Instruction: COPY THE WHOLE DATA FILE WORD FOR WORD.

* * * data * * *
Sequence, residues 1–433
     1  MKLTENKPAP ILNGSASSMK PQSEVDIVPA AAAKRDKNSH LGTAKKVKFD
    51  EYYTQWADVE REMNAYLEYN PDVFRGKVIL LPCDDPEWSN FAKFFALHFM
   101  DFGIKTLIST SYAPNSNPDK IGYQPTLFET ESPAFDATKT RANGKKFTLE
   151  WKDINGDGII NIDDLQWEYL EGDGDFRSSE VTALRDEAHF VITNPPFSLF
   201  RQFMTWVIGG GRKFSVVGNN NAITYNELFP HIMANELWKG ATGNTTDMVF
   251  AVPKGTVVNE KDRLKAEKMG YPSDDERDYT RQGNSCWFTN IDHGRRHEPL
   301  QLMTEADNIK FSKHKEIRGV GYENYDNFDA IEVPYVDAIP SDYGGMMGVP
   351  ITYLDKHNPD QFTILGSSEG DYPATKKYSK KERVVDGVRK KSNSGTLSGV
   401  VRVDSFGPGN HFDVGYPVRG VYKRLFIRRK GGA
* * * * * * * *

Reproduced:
Sequence, residues 1–433
     1  MKLTENKPAP ILNGSASSMK PQSEVDIVPA AAAKRDKNSH LGTAKKVKFD
    51  EYYTQWADVE REMNAYLEYN PDVFRGKVIL LPCDDPEWSN FAKFFALHFM
   101  DFGIKTLIST SYAPNSNPDK IGYQPTLFET ESPAFDATKT RANGKKFTLE
   151  WKDINGDGII NIDDLQWEYL EGDGDFRSSE VTALRDEAHF VITNPPFSLF
   201  RQFMTWVIGG GRKFSVVGNN NAITYNELFP HIMANELWKG ATGNTTDMVF
   251  AVPKGTVVNE KDRLKAEKMG YPSDDERDYT RQGNSCWFTN IDHGRRHEPL
   301  QLMTEADNIK FSKHKEIRGV GYENYDNFDA IEVPYVDAIP SDYGGMMGVP
   351  ITYLDKHNPD QFTILGSSEG DYPATKKYSK KERVVDGVRK KSNSGTLSGV
   401  VRVDSFGPGN HFDVGYPVRG VYKRLFIRRK GGA